Sarah has strung a rope swag through the main border. “It’s a lovely feature that adds height and, in places, makes a support for climbing roses. My grandmother used this technique in her garden and I always wanted to recreate it here.”
THERE'S BARELY A FLOWER in sight in Patrick de Nangle’s London garden. Instead this astounding urban jungle is packed with foliage plants and towering tree ferns, which is all the more astonishing when you consider the modest size of his compact back garden.
Patrick first saw tree ferns growing at some botanical gardens in Hawaii, but it wasn’t until a trip to Bali that he realised he wanted to grow them himself at home. “They’d planted tree ferns with moss underneath, and I decided to create something similar here,” says Patrick.
“I buy them direct from a specialist importer, Lyndon Osborn, who designed the fernery at the Royal College of Art. They arrive as stumps so I dig a hole 40cm (15in) wide, mix in some compost and bark chips then sit the stump on the ground. Then I put a stake beside it and tie it to the stake. The stump will take root and start growing in a few weeks.”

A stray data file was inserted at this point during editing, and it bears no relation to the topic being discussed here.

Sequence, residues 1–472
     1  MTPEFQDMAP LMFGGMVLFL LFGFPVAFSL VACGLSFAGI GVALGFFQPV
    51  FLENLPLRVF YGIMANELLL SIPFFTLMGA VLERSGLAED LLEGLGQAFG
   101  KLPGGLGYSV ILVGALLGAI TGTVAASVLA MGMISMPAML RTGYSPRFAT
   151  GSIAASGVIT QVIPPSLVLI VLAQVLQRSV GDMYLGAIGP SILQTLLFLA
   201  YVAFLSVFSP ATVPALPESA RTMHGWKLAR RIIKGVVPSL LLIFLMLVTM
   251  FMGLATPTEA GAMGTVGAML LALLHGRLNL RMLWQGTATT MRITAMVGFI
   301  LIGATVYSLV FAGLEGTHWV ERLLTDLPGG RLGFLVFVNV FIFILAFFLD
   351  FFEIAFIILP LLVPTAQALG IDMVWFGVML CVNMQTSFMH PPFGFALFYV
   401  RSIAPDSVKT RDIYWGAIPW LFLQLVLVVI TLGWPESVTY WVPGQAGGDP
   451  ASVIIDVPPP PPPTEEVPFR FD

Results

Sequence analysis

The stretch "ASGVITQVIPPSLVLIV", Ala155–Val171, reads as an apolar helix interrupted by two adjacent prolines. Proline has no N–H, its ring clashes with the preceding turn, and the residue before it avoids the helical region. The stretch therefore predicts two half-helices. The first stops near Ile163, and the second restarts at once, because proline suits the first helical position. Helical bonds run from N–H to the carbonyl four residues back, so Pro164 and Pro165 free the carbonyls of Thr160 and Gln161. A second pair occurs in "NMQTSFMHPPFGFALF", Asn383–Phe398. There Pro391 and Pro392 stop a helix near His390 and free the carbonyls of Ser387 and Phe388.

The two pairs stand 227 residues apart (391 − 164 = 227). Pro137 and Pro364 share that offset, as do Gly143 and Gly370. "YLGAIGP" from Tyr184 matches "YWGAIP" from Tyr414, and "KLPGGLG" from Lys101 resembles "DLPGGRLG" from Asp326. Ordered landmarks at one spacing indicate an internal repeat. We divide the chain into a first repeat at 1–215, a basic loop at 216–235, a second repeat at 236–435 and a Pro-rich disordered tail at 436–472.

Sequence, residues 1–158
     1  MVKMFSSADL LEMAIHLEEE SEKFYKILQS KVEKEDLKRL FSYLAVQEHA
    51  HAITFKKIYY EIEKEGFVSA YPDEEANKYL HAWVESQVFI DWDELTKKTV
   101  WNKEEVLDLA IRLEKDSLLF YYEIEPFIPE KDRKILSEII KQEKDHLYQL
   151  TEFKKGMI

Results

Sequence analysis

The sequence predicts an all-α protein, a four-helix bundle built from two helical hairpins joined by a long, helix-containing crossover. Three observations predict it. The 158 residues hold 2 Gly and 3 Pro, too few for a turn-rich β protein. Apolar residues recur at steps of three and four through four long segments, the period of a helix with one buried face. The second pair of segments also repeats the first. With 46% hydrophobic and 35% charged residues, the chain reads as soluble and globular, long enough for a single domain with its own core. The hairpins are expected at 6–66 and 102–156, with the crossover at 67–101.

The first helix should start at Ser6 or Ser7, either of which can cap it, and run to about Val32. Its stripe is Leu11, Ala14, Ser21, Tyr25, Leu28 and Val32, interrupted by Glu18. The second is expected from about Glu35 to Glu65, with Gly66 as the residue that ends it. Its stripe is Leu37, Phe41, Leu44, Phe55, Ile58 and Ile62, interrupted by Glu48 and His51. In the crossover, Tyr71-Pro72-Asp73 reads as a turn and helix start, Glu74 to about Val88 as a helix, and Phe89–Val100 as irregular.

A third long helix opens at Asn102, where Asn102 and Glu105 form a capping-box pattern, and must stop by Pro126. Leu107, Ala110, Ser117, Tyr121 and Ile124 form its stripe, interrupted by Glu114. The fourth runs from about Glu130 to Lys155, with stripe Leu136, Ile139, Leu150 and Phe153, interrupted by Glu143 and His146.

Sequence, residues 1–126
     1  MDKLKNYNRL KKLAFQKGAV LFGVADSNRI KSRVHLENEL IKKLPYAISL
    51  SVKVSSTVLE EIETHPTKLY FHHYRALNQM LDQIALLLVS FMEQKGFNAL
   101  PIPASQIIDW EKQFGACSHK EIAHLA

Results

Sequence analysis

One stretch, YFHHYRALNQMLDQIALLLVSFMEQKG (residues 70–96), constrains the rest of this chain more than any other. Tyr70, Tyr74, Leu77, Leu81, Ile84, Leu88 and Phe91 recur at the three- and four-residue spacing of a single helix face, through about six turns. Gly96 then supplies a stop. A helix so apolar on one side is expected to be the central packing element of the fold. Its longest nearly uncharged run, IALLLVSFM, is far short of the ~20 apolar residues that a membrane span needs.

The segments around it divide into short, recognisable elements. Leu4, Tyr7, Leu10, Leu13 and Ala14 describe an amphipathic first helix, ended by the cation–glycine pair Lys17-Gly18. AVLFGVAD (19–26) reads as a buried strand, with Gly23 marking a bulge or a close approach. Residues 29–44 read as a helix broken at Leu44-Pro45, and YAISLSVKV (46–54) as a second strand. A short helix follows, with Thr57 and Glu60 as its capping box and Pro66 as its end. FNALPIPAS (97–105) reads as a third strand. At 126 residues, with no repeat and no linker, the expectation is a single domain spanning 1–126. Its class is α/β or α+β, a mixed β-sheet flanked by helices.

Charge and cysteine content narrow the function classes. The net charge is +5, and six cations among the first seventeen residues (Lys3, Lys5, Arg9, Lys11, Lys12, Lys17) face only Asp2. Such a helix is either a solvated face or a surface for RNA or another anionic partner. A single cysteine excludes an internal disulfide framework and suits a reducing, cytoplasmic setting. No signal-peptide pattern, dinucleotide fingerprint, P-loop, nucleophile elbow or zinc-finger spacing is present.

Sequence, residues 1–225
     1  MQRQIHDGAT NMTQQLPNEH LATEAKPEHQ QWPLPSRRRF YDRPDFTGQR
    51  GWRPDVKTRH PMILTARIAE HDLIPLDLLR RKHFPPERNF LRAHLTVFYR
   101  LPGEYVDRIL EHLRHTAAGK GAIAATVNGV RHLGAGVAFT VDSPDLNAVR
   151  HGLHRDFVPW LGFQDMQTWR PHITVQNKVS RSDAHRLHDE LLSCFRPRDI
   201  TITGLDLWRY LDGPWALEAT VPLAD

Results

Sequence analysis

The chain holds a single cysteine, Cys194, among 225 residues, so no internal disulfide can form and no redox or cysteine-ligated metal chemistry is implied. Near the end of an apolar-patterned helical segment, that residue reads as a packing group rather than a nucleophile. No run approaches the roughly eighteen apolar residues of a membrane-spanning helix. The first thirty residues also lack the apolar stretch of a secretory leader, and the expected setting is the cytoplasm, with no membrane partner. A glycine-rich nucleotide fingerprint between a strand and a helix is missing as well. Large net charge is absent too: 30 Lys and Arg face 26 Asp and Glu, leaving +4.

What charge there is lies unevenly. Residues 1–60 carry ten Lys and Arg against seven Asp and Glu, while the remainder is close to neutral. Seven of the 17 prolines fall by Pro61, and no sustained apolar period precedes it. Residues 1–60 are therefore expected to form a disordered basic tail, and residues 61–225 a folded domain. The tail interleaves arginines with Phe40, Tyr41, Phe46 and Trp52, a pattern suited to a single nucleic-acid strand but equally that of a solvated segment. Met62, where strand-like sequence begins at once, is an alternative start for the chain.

Patrick has chosen two main types of tree fern to vary the visual effect. “There’s the Australian Cyathea australis, which is seldom grown in the UK, and the more familiar Dicksonia antarctica. Cyathea australis has a scalier trunk than the dicksonia, and I prefer that textured look. My rarest specimens are the black tree fern Cyathea medullaris, the elegant Dicksonia squarrosa, and the Norfolk tree fern, Cyathea brownii, which is massive and grows to more than 30 metres (98ft).
“Tree ferns are like a sponge – they need lots of water. You have to water them once a week in summer. I spray the whole trunk then hold the hose over the top of the plant and count for 50 seconds! I also feed them every six weeks, with a special tree fern food, and fish, blood and bone.”
The garden was just a lawn, weeds and astraggly lilac shrub when Patrick arrived here 12 years ago. “Rather than have grass struggling under the trees I took up the lawn and planted mind your own business (Soleirolia soleirolii) instead,” he says. “It makes a fine green carpet of tiny leaves that helps to frame the tree ferns, making the garden feel much more jungly.”
Patrick planted the soleirolia at 45cm (18in) intervals around the garden. “Within a year all the plants had joined up. It looked lush and green last winter because of the mild weather, but it can get crushed if you walk on it too much, which is why I’ve laid a path of paving stones.”
Besides all the exotics, a few traditional favourites help boost the leafy effect. “I’ve used hostas and ivies around the patio to create a sense of leafy abundance. I’ve used hardy, native dryopteris ferns under the tree ferns and glossy-leaved evergreen shrubs such as aucuba and fatsia.”